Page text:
Mary Kay Tornrose
Reshaping Mathematics Teaching

There is widespread agreement that today’s students of mathematics need to know more than their multiplication tables and how to factor polynomials. The workplace of the future will require workers who can use calculators and computers, estimate quantities, and apply mathematical principles to solve practical problems. This is an exciting and challenging time for people like Mary Kay Tornrose, the mathematics coordinator for the public schools of Newton, Massachusetts.

One of Mary Kay’s major tasks is to keep teachers and the schools informed about new ideas in mathematics instruction. “I try to broaden the perspective of what success in mathematics is,” she explains. In emphasizing conceptual understanding of mathematics, together with computational skills, Mary Kay gets students to “see mathematics as a dynamic study, not just as a finished subject.” For instance, students often believe that, in mathematics, every question has only one answer. “But some questions have no answers, or multiple answers,” she explains.

Mary Kay stresses the importance of team work among students, the daily use of calculators in class, and the ability to communicate about mathematics. She is also hoping to develop new testing methods that give a more complete picture of students’ mathematical skills than do the traditional multiple-choice examinations.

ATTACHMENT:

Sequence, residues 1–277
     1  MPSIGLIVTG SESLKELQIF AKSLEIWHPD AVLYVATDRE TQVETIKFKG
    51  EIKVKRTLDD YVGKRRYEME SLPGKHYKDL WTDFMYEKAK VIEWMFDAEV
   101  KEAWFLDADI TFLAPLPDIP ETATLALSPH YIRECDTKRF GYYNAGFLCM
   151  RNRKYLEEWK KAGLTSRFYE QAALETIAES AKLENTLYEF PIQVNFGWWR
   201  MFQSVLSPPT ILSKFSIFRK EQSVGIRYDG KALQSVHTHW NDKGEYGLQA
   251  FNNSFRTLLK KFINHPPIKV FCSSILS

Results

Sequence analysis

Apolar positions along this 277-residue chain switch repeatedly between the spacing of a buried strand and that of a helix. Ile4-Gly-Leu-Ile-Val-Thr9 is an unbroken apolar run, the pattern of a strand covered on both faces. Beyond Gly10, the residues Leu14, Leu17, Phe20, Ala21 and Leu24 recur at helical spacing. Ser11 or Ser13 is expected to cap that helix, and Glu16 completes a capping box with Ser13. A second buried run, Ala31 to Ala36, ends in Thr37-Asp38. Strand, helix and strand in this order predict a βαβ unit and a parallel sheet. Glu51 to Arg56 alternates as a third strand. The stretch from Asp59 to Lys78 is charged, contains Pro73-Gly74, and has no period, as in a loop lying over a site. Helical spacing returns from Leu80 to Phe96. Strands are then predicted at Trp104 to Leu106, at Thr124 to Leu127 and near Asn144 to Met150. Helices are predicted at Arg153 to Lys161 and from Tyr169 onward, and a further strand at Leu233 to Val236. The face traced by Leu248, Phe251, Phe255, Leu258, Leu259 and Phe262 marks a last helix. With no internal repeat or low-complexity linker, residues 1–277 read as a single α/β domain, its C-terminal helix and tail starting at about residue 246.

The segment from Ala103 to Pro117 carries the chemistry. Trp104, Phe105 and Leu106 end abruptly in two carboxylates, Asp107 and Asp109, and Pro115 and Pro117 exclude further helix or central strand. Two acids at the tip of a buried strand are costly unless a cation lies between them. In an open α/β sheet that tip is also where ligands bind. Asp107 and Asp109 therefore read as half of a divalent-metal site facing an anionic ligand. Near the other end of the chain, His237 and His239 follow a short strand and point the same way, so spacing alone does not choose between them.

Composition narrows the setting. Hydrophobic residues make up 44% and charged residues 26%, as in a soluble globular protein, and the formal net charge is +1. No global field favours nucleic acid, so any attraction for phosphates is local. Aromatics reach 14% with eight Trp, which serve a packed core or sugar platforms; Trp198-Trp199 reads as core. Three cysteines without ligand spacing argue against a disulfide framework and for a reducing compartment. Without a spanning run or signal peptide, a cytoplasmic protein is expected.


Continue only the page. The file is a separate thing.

Mary Kay grew up in Syracuse, New York. “I always liked mathematics and science,” she notes, “and I knew I wanted to teach,” so she majored in mathematics education at the State University of New York in Potsdam and then went on to earn her master’s degree in mathematics education at Northeastern University. She taught junior high school and high school for a number of years and also worked for a publisher of mathematics and science textbooks and materials. She has had her present job as mathematics coordinator for more than ten years.

What Mary Kay likes best about her work is the variety. “There are a lot of different projects and groups of people I work with—parents, administrators, teachers, students,” she notes. “It’s challenging to work with so many different groups.” In addition, she finds working in education very satisfying. “I find anything to do with children very rewarding,” she remarks. “It’s such a thrill to see them enjoy mathematics… I find it extremely rewarding to I work toward developing a new generation of adults who like mathematics, who will pursue mathematically-based careers, and feel confident in doing so.

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This brochure was published in 1991, so some information may be out-of-date.

Copyright ©1991, 2018 Association for Women in Mathematics. All rights reserved.